In a study that was conducted in 2020 by the Independent Inquiry into Child Sexual Abuse, it was found that 91% of those who had experienced sexual abuse in a sporting environment had been victims at the hands of a sporting coach or volunteer in a sports organisation.
Extracurricular activities a breeding group for child sexual abuse?
Survivors of child sexual abuse who completed the study reported that coaches were able to carry out the abuse under the guise of physical contact that is necessary in certain sports. Swimming instructors and gymnastics coaches were among those named as guiltiest of child sexual abuse in a sporting setting.
Many also describe how the abusive actions started slowly throughout the years before becoming full-blown attacks on the daily. This grooming tactic is used as a way to normalize abusive behaviour in the more vulnerable. One victim in the study described that:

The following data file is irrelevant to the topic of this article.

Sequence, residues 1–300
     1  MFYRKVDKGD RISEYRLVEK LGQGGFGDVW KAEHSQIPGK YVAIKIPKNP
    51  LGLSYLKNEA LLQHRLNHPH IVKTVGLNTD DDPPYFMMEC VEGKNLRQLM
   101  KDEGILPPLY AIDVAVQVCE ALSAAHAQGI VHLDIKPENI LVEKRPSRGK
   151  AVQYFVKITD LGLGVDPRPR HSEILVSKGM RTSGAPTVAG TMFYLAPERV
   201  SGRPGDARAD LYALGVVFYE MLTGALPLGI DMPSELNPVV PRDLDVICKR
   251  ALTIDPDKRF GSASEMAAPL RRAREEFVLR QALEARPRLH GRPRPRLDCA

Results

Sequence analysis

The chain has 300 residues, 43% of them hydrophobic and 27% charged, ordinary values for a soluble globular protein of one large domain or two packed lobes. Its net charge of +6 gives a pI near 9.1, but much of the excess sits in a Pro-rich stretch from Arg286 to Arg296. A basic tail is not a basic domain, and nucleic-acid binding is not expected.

It was step by step and grooming. So there wasn’t the immediate transition where you think: ‘Oh, my God, that’s completely abnormal.’ He sort of built it. But as a kid, you’re not taught what’s abnormal.
And in particular, he recalls moments where the abuse was carried out publicly:
You’d be on any sort of residential trip, they’d be running in showers, taking pictures of the children naked, whilst they were having a shower. And it was all done out of like a laugh and joke.
News laws to protect sexually-abused children
Now, new plans are looking to expand child sexual abuse laws to abolish the loophole that currently exists in enabling this type of abuse to occur. Peter Wanless, the chief executive of the NSPCC, said:
We are delighted that after relentless campaigning, the government has finally listened to our calls and agreed to close this legal loophole.
This landmark step sends a clear message that children and young people can return to the extracurricular activities they love without being at risk of grooming by the very adults they should look to for support and guidance.